This Clementine Balsamic Glaze is So Easy & So Good.

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It’s Clementine WEEK! Clementines are adorable, sweet and kind of mysterious if you ask me. They haven’t been available in the US for all that long, and their origin story is uncertain. According to history there are 2 theories as to where they originated. One theory states that an Algerian Monk named Father Clement Rodier discovered a natural mutation of a mandarin tree in his garden. He nursed the tree and then named the fruit after himself, of course. The less glamorous theory is that they came to the Mediterranean via Asia. Either way, the Clementine found a home in Spain, where there are over 160,000 acres of Clementine trees! Can I vacation there, please?

Clementines arrived in the US in 1982—so they are relatively new, and it took 10 years for them to gain popularity. A cold winter in 1997 destroyed much of the Florida orange crop, giving Clementines a chance to steal the spotlight. So clearly, they only look sweet and innocent.

How To Store

Clementines will keep 2-4 days at room temperature or 1-2 weeks in the crisper drawer in the fridge.

When In Season

Clementines have a short season that usually runs from November to January. They are sometimes called Christmas Oranges because their short season overlaps with the holiday.

Health Benefits

Clementines are filled with vitamin C and have been shown to be great for your skin. According to organicfacts.net, they can aid in reducing wrinkles, boost our immune system and aid in digestion. They are also a super portable, healthy and adorable snack.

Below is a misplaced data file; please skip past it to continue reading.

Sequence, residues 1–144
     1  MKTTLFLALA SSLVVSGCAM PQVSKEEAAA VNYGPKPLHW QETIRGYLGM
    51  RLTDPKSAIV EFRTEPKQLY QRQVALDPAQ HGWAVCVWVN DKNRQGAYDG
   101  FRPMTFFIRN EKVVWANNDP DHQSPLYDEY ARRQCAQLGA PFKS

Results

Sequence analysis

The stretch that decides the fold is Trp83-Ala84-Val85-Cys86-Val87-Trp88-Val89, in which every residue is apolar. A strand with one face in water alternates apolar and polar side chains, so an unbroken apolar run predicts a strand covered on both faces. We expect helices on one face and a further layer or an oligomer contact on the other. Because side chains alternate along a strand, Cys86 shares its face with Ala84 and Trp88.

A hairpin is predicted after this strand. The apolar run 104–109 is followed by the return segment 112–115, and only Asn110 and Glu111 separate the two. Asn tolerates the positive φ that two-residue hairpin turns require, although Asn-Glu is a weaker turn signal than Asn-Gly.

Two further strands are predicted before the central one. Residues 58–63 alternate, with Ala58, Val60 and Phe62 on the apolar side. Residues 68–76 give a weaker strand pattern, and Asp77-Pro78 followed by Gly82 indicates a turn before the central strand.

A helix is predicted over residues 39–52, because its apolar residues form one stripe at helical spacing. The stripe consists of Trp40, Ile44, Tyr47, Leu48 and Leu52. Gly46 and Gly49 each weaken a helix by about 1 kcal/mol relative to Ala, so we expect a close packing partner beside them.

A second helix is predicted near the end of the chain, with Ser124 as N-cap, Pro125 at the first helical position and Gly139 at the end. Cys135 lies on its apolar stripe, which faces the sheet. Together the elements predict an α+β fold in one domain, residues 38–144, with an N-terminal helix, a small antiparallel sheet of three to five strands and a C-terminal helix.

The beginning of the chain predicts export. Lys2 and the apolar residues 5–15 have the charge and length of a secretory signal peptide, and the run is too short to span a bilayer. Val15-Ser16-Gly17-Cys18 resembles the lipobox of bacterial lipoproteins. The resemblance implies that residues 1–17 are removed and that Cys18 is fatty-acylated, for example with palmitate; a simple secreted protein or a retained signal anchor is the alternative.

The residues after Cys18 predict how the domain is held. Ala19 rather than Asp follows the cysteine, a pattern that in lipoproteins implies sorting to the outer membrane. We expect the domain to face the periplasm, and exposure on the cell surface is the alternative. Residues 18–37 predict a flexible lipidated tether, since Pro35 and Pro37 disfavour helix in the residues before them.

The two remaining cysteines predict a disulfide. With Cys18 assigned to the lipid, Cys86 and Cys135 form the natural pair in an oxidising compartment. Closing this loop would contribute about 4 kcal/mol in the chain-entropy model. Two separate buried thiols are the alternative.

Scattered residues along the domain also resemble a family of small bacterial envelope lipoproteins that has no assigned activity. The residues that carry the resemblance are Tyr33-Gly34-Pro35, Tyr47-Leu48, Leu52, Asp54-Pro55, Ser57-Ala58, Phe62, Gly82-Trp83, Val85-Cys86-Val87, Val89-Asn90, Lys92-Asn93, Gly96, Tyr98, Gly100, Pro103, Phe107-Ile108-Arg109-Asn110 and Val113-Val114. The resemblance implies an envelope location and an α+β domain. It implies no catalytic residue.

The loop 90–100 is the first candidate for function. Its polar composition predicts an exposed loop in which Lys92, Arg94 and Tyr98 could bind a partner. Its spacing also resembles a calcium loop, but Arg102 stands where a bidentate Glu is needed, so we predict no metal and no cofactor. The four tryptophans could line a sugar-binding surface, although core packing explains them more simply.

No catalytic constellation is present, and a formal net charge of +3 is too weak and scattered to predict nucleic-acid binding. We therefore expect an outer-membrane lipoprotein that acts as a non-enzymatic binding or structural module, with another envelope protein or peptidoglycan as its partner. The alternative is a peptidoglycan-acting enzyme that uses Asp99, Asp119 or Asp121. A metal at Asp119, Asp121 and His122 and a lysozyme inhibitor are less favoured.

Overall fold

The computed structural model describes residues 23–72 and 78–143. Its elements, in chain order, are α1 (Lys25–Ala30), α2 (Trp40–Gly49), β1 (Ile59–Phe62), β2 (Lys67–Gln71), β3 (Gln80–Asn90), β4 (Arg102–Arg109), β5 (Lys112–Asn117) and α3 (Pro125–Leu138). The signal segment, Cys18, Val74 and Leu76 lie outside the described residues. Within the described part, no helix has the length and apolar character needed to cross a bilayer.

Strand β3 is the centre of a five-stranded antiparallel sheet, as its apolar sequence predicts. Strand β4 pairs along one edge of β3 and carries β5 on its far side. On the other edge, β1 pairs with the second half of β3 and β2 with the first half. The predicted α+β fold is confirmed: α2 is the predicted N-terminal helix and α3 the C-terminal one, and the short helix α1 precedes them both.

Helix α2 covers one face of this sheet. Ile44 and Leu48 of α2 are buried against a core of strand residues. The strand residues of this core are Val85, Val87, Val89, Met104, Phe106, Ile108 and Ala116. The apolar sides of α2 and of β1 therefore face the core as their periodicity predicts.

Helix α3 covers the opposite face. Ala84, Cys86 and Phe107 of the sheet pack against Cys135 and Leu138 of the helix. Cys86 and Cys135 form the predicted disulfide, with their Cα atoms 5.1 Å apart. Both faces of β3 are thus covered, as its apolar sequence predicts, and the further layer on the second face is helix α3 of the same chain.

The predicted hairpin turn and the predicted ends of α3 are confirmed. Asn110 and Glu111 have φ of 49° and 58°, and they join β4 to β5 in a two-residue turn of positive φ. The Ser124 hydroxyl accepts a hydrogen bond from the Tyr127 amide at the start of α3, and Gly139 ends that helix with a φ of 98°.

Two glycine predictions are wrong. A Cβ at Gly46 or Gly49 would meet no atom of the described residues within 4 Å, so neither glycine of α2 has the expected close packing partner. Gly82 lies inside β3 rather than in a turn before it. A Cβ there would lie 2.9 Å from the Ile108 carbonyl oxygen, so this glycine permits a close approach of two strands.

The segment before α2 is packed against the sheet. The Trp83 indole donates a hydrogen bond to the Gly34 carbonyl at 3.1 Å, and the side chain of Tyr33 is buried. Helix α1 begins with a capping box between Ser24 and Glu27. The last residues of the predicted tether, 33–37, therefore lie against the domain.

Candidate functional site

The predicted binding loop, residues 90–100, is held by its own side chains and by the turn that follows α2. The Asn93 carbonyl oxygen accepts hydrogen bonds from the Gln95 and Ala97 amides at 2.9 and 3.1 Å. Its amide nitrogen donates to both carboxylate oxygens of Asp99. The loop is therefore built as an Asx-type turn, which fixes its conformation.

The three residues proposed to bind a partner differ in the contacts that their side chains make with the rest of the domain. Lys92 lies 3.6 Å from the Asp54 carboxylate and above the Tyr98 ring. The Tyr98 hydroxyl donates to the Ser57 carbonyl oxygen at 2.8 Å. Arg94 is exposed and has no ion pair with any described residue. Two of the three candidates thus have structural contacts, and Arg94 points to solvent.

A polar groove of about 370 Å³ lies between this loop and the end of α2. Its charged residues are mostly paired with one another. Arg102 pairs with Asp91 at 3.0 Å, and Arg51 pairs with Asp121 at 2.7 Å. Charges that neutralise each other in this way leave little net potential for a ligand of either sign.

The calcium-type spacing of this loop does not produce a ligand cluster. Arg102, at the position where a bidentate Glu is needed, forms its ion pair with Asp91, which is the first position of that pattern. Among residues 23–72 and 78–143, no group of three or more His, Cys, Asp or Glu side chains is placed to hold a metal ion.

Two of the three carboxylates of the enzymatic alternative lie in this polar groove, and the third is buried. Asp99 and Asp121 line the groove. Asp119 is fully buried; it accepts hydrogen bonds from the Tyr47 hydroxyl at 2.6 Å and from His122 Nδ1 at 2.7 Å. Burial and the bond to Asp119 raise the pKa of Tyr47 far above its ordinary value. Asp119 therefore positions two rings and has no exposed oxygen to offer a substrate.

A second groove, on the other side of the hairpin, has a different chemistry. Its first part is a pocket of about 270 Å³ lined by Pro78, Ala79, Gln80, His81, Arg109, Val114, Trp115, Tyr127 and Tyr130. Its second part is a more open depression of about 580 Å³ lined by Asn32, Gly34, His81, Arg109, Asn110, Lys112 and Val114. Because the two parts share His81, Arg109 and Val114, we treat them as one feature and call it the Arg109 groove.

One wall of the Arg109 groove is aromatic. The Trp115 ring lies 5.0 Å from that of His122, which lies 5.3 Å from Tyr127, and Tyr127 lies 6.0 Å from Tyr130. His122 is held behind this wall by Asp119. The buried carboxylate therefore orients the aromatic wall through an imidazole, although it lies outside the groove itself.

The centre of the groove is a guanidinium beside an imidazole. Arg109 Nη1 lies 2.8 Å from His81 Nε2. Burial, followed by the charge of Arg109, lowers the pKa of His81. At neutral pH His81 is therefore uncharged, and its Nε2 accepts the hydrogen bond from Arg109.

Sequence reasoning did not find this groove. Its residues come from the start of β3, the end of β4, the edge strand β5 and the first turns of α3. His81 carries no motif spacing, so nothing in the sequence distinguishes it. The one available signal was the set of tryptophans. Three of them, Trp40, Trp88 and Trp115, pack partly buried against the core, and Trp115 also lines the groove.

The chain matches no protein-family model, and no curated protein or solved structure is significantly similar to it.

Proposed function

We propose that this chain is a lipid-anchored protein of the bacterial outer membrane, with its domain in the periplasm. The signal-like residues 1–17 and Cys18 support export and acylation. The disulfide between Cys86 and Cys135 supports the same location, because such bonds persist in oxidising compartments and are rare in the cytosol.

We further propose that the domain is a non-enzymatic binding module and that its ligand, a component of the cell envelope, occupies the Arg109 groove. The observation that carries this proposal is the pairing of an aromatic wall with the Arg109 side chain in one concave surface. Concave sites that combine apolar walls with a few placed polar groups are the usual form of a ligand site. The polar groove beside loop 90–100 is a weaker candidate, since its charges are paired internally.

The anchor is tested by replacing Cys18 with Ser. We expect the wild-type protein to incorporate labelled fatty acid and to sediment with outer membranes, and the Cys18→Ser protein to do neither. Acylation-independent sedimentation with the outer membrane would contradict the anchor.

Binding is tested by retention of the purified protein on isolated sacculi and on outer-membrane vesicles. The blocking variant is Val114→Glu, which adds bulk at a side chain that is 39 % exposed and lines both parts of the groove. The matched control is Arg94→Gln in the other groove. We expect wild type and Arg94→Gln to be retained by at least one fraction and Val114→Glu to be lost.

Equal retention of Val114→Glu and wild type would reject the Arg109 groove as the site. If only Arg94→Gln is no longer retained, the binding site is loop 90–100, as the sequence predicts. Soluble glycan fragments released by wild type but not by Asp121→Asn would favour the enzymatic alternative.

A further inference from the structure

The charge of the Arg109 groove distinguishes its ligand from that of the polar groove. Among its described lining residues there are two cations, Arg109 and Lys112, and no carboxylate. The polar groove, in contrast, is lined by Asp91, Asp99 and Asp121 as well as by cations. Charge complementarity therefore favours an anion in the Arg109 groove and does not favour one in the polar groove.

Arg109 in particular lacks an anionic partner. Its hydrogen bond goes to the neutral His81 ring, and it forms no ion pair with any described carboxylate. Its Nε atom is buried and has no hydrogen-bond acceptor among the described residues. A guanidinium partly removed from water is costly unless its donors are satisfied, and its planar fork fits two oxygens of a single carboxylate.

NOW, Onto The Recipes!

To start out the week, we’re going savory. This glaze recipe is a great way to use up lots of Clementines. It’s a delicious balance of sweet and acid, making it perfect for salad dressing or drizzled over roasted veggies. Sure, you could use freshly-squeezed OJ, but why not sweeten it up a little bit extra with Clementine juice instead? It’s worth it.

Clementine Balsamic Glaze

Recipe inspired by Yotam Ottolenghi’s amazing cookbook Plenty More

YIELD: 1 cup of glaze

  • 1 ½ cups freshly squeezed Clementine juice (or orange juice)
  • ¼ cup balsamic vinegar

Place juice and vinegar in saucepan and stir to combine. Turn on heat to medium high. Bring to a boil and reduce slightly to simmer. Let simmer rapidly until liquid reduces and thickens slightly, about 20 minutes.

Clementine Balsamic Vinaigrette

  • ½ cup extra virgin olive oil
  • 4 Tbsp Clementine balsamic glaze (see recipe above)
  • ½ tsp ground cumin
  • Splash of sherry vinegar (optional)
  • Kosher salt & freshly ground pepper, to taste

Pour all ingredients in dressing jar. Seal tightly. Shake to combine. Pour over salad of choice.

2016-03-08 20.21.05Roasted Brussels Sprouts with Clementine Balsamic Glaze

  • 1 lb Brussels sprouts, washed, halved, tough ends removed (safe any loose leaves as they will crisp as they cook)
  • 2 Tbsp avocado oil (or melted coconut oil or ghee)
  • 1 tsp Kosher salt
  • ¼ tsp crushed red pepper flakes
  • Freshly ground pepper, to taste
  • 1-2 Tbsp Clementine balsamic glaze (see recipe above)

Preheat oven to 400 degrees F. Line a baking sheet with parchment paper and set aside. Place prepared Brussels sprouts in a medium bowl. Top with olive oil, salt and crushed red pepper flakes. Stir to coat. Transfer to prepared baking sheet and arrange in a single layer, placing Brussels sprouts cut side down to start. Roast, tossing halfway through, until tender and browned, about 20-30 minutes.

Remove from oven and transfer to serving bowl. Drizzle on 1-2 tablespoons of the Clementine balsamic glaze, to taste. Taste and adjust seasonings, if needed. Serve immediately.

SOURCES:

http://www.producepete.com/shows/clementines.html

Health Benefits of Clementines

http://www.healthdiaries.com/eatthis/10-facts-about-clementines.html

http://www.fruitsandveggiesmorematters.org/top-10-ways-to-enjoy-clementines

Thanks for tuning in!

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